Pandas

http://pandas.pydata.org

Pandas is a Python package providing fast, flexible, and expressive data structures designed to make working with “relational” or “labeled” data both easy and intuitive. It aims to be the fundamental high-level building block for doing practical, real world data analysis in Python.

The primary data structures of pandas, Series (1-dimensional), DataFrame (2-dimensional), and Panel (3-dimensional) handle the vast majority of typical use cases in finance, statistics, social science, and many areas of engineering. pandas is built on top of NumPy and is intended to integrate well within a scientific computing environment with many other 3rd party libraries.

In [1]:
import numpy as np
import pandas as pd
np.__version__, pd.__version__
Out[1]:
('1.9.1', '0.15.1')

Overview

Object Creation

Creating a Series by passing a list of values, letting pandas create a default integer index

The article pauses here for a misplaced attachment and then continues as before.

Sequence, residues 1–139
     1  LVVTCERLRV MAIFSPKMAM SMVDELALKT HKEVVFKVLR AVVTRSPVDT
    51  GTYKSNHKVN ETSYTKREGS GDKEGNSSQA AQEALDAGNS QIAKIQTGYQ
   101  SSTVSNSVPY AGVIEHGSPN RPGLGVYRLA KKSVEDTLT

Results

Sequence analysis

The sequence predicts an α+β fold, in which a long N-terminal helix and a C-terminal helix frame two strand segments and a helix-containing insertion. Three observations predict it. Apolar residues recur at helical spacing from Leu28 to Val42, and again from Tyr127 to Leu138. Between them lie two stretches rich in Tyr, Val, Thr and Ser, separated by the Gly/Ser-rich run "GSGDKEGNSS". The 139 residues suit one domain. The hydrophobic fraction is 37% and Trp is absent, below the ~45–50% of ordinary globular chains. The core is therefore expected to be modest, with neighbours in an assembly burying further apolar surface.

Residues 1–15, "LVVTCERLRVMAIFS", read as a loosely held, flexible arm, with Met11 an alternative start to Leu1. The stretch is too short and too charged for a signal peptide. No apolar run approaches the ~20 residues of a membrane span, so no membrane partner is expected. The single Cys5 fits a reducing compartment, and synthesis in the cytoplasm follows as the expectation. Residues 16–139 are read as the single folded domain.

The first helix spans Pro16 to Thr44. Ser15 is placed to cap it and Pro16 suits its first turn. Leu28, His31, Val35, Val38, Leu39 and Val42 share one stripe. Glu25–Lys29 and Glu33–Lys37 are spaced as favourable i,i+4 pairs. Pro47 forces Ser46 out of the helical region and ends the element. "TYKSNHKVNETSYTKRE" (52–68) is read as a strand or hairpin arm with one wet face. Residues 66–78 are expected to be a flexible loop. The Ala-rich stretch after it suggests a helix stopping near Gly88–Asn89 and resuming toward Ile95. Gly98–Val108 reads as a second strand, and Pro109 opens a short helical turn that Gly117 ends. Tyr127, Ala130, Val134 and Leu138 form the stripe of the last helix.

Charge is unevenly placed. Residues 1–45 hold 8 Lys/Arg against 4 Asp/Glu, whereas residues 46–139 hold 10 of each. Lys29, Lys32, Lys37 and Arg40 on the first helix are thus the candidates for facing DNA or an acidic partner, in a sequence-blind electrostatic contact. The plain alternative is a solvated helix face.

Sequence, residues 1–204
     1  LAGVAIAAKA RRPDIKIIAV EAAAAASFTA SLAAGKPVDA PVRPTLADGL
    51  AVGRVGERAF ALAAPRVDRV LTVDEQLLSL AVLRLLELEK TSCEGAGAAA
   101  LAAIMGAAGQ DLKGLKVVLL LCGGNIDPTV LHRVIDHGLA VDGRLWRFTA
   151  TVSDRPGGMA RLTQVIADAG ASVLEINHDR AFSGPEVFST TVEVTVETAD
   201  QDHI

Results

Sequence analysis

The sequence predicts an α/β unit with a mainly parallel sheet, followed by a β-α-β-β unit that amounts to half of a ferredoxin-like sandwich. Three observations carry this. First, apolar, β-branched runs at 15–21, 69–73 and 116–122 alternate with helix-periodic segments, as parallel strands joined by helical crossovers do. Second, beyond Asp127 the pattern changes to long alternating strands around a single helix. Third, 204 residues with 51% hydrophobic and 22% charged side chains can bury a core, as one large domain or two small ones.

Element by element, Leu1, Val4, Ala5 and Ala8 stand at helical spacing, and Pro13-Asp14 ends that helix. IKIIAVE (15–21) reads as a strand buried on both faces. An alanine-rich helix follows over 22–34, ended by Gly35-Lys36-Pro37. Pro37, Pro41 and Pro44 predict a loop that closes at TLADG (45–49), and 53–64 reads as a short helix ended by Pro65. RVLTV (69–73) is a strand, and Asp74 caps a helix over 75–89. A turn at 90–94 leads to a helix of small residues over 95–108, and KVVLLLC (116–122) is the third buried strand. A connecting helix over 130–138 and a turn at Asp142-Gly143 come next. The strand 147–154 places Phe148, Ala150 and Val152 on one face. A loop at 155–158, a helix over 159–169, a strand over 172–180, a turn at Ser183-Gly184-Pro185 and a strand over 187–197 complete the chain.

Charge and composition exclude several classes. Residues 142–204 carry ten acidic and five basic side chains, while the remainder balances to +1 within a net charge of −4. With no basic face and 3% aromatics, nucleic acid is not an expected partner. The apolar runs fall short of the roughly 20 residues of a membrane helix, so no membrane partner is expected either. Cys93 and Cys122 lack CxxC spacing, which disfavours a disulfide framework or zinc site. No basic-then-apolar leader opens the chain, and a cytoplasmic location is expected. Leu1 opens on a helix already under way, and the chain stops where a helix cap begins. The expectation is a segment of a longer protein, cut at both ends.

In [2]:
pd.Series([1,3,5,np.nan,6,8])
Out[2]:
0     1
1     3
2     5
3   NaN
4     6
5     8
dtype: float64

Creating a DataFrame by passing a numpy array, with a datetime index and labeled columns

In [3]:
dates = pd.date_range('20130101',periods=6)

Creating a DataFrame by passing a dict of objects that can be converted to series-like:

In [4]:
df = pd.DataFrame({"A": 1.,
                    "B": pd.Timestamp("20130102"),
                    "C": pd.Series(1, index=list(xrange(4)), dtype="float32"),
                    "D": np.arange(10, 14),
                    "E": pd.Categorical(["test", "train", "test", "train"]),
                    "F": "foo"})
In [5]:
df.dtypes
Out[5]:
A           float64
B    datetime64[ns]
C           float32
D             int64
E          category
F            object
dtype: object

Viewing Data

In [6]:
df = pd.DataFrame(np.random.randn(6,4), index=dates, columns=list("ABCD"))
df.head()
Out[6]:
A B C D
2013-01-01 -0.013521 -0.538476 -0.304598 -0.770429
2013-01-02 -1.254896 1.801479 -0.620739 0.151766
2013-01-03 -1.354482 1.254227 0.611957 -0.850364
2013-01-04 -0.498235 1.300603 0.450060 1.791270
2013-01-05 -0.368117 -1.649656 0.786517 -0.411721
In [7]:
df.tail(2)
Out[7]:
A B C D
2013-01-05 -0.368117 -1.649656 0.786517 -0.411721
2013-01-06 0.137794 0.174232 0.402498 1.520787